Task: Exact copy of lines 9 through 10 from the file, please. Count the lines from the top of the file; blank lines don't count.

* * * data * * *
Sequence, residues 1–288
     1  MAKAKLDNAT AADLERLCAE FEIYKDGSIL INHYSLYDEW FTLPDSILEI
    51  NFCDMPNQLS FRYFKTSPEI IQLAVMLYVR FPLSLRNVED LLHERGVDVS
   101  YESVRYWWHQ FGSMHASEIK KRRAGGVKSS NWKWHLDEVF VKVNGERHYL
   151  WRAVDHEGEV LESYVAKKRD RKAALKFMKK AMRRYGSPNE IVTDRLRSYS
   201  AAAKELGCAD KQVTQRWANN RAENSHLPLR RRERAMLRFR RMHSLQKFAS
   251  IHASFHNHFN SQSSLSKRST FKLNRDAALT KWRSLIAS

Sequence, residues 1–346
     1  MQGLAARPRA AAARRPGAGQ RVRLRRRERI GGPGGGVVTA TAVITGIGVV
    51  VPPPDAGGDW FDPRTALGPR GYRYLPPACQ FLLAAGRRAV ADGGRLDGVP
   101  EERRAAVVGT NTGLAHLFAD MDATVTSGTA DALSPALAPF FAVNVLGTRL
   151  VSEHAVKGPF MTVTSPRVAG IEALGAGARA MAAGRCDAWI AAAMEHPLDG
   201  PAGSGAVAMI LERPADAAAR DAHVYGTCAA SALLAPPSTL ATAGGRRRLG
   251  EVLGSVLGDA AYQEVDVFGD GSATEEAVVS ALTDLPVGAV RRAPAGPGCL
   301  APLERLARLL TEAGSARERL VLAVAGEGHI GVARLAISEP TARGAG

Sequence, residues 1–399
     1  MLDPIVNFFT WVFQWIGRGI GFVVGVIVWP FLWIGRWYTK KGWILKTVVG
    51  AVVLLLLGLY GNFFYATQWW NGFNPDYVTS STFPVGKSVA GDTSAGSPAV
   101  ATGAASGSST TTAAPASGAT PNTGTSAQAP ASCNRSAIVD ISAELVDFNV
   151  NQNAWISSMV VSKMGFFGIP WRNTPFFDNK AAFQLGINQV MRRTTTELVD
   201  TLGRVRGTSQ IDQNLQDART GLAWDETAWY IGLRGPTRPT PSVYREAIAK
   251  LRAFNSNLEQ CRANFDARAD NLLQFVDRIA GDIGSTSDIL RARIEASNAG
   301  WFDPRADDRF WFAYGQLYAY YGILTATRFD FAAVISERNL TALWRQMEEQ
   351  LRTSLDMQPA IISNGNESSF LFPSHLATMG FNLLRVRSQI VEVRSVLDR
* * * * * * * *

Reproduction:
     1  MQGLAARPRA AAARRPGAGQ RVRLRRRERI GGPGGGVVTA TAVITGIGVV
    51  VPPPDAGGDW FDPRTALGPR GYRYLPPACQ FLLAAGRRAV ADGGRLDGVP